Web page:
The insular character of Britain delayed the creation of professional police until the 19th century. This volume traces the course of British amateur policing until that time, at which point it deals with the foundation of the London Metropolitan Police and efforts to create similar professional urban institutions in New York and Montreal.
Due attention is also given to the fact that very different conditions in rural Ireland necessitated the creation of a para-military type of force, which in turn served as the model for police in the countryside throughout the Empire.
The nature of these derivative organizations and the way they were able to serve the needs of such varied societies as India, Australia, South Africa and Canada are examined. The several alternatives to Irish-style police which were attempted in the United States - Texas Rangers, private detective agencies, sheriffs, marshalls, and vigilante committees - are also considered. The point of this work is to present a comparative study of law enforcement agencies with a Common Law tradition working in otherwise considerably different countries.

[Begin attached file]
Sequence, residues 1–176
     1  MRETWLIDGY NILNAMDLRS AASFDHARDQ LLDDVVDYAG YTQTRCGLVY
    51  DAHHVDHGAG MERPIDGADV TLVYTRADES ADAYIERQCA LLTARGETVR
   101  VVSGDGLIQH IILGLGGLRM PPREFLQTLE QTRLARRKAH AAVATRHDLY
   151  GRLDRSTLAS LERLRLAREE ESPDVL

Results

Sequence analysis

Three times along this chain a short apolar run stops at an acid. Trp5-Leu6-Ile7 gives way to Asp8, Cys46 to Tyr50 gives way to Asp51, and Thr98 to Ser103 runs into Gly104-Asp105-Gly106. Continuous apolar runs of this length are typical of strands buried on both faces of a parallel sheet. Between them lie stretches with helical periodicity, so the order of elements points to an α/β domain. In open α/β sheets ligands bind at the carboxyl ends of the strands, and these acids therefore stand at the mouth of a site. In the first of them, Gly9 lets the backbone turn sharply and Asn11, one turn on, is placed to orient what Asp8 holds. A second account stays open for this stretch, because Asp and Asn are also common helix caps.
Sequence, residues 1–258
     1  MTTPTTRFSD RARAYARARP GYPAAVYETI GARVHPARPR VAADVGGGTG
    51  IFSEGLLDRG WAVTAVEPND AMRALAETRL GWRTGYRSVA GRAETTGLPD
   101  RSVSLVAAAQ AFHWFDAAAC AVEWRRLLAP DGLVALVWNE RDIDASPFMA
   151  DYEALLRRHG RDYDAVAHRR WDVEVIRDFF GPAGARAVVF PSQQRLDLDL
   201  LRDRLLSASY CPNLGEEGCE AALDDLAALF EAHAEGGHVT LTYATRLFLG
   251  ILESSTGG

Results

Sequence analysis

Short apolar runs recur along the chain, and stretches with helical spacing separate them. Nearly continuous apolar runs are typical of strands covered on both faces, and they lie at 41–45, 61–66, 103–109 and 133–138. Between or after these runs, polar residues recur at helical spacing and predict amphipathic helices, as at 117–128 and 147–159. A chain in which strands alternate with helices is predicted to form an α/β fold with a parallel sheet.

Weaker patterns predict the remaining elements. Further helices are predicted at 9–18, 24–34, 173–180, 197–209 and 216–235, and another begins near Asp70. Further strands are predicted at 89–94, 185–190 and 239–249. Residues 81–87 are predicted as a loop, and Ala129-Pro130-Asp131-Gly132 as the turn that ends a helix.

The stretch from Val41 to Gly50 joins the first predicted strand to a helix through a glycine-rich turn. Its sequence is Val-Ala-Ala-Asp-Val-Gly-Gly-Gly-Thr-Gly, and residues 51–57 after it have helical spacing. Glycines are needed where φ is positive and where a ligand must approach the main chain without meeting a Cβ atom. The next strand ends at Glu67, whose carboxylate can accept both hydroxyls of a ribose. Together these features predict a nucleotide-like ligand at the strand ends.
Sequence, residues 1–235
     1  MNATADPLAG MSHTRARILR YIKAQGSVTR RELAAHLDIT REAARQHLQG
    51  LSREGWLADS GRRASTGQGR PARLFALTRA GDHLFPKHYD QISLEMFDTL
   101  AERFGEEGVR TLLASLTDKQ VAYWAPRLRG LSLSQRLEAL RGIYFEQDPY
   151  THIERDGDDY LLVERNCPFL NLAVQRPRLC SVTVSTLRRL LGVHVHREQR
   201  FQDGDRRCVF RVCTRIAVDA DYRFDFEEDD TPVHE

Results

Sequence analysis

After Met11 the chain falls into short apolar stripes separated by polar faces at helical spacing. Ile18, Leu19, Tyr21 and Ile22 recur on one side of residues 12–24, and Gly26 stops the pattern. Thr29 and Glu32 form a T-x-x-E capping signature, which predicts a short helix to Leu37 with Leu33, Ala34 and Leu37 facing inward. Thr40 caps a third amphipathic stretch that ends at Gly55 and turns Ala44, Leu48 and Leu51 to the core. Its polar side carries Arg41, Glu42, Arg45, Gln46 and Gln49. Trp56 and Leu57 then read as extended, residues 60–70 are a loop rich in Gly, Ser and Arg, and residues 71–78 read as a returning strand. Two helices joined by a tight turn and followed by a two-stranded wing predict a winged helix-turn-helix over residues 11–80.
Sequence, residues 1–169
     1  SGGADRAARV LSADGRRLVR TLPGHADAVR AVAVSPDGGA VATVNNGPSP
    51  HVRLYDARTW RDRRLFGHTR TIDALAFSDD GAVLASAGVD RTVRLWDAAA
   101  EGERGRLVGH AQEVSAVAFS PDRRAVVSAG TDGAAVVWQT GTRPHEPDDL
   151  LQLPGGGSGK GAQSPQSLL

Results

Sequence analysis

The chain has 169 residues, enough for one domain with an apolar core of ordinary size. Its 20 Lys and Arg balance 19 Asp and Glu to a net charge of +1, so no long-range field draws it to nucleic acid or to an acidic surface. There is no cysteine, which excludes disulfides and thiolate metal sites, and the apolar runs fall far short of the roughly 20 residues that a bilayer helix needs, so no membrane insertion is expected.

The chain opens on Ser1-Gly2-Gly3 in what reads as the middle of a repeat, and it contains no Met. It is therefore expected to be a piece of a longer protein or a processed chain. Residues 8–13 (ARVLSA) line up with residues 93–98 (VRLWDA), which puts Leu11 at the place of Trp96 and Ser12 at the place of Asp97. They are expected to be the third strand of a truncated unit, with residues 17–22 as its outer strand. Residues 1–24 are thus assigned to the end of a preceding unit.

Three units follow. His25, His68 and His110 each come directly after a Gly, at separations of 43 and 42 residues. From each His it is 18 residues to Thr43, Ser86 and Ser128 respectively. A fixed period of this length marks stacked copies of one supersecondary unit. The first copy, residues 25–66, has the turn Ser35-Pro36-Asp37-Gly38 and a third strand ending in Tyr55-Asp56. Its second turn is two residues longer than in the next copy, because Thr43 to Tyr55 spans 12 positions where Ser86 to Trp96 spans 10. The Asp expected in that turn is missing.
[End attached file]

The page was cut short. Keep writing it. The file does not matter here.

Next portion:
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About the Author
Hereward Senior is a professor of history at McGill University and the author of several studies of transatlantic subjects, including the United Empire Loyalists, Orangeism, and Fenianism. His most recent book is The Last Invasion of Canada: The Fenian Raids, 1866-1870.